Mongooses look cute, but are also fearless when it comes to protecting their young! While their names may make them sound like birds, mongooses are feisty mammals that aren’t afraid of putting up a fight. Here are some fun facts about mongooses you may want to remember.
1. Mongooses, or mongoose?
Though sometimes mistakenly used, the plural of this animal isn’t ‘mongeese’, it’s ‘mongooses’!
2. Lots of different mongooses roam our planet!
Mongooses are from the family Herpestidae. There are 34 species of mongoose – believe it or not!
3. How long do mongooses live for?
In the wild Mongooses live for an average of eight years. In captivity, they can live up to a relatively impressive 13 years of age.
4. They’re amazingly brave!
Mongooses are often known to punch beyond their weight! In defense of their young, they become fearless and will even fight venomous snakes! However, they are most fearful of humans – as adults, they will even try to attack people who venture too close. They will fight fearsome king cobras, too – which can grow to 12 feet long!
5. Built for defense!
Mongooses have thick coats and can move swiftly. These two assets help them fend off would-be predators. They also have acetylcholine receptors, which help give them immunity to some venom.
6. Poindexters of the wild unite!
Mongooses are super smart. They organize communities and often occupy a territory of approximately four square miles. They then divide their territory in zones and live, reproduce and eat in one given area, then move on after a few days to the next zone where food is replenished. Clever stuff!
7. They’re incredibly versatile.
Mongooses use tools – and in particular hard surfaces – to crack open eggs to eat them.
They can also manipulate food in their forelimbs and can strike a pose in order to view an area, scouring for food, offspring, a mate or observe potential threats.
By sitting on their haunches, they can raise their height significantly from when they have four paws on the ground, too.
8. How do mongooses sleep?
Mongooses sleep at night and are active during the day. They sleep in burrows in the ground or amongst vegetation and in trees.
9. Climb like the wind!
Mongooses are adept at climbing and many can scale trees easily with the same ease and grace as cats.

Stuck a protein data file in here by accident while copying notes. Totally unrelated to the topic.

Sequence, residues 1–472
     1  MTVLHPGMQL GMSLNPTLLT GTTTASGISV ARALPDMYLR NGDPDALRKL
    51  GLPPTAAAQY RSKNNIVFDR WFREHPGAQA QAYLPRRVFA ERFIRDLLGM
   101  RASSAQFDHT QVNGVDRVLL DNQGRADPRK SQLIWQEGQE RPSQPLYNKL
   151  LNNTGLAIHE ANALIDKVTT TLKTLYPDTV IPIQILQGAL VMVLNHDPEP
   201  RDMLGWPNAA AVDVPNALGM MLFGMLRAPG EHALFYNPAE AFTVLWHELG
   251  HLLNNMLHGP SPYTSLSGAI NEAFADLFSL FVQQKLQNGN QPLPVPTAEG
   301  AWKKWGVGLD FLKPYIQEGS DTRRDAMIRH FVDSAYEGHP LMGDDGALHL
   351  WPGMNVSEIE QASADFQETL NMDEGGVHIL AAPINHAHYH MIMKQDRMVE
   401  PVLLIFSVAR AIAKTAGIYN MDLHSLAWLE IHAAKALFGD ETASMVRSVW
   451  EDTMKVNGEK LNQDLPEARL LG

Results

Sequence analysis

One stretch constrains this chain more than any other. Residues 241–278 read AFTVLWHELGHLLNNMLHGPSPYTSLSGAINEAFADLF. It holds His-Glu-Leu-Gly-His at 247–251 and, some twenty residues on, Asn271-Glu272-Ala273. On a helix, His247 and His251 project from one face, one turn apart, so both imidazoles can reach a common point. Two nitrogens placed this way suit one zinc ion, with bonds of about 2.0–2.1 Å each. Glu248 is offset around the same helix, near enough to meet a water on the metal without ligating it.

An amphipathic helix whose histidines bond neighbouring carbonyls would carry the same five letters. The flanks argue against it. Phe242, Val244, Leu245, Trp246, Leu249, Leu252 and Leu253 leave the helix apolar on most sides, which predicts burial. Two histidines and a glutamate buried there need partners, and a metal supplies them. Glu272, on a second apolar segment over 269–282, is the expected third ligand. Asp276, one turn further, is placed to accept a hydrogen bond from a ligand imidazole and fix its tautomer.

10. Hawaiian rats? No problem!
In 1883, mongooses were introduced to Hawaii for the specific aim of killing rats which had been decimating crops. Regrettably, the Indian mongooses, being diurnal, slept at night – which was when the rats came out! The plan thereby failed as the Mongooses killed birds instead!
11. They’re built for the desert.
Mongooses have evolved to develop some special features for life in the desert. A special membrane coats the mongoose’s eyes to protect them from abrasive sand. They can also close their ears when burrowing so sand doesn’t enter.
12. Problems with the mob?
Mongooses have very fitting group names. Groups of Mongooses are known as ‘mobs’ or ‘gangs’. Better avoid them, then!
13. Mongooses are typically born with siblings.
Mongooses are usually born in the rainy season when food is plentiful. Mongoose Moms can have multiple litters in a year, and babies are known as ‘pups’. Gestation takes approximately ten weeks, and pups are born hairless, having between one and seven siblings.
FAQs about Mongooses
Are mongooses hunted for their meat?
Yes, mongoose meat is eaten in some parts of the world. However, mongoose meat can sometimes pass on infectious diseases such as leptospirosis. The first recorded incident of this was in 1886 and attributed to banded mongooses - try not to eat them if you can help it!
Do mongooses talk to each other?
Mongooses famously communicate together in their social colonies. They emit screeches or alarm calls when potential threats appear - when a predator comes on the scene, they emit a warning sound and disperse.
Where do mongooses live?
You’ll generally find mongooses living across Africa, though there are some that live across the south of Asia. You’ll normally find them on the ground, but some will live in the trees - and near water, too!
Do you know any interesting facts about mongooses? Share them in the comments below!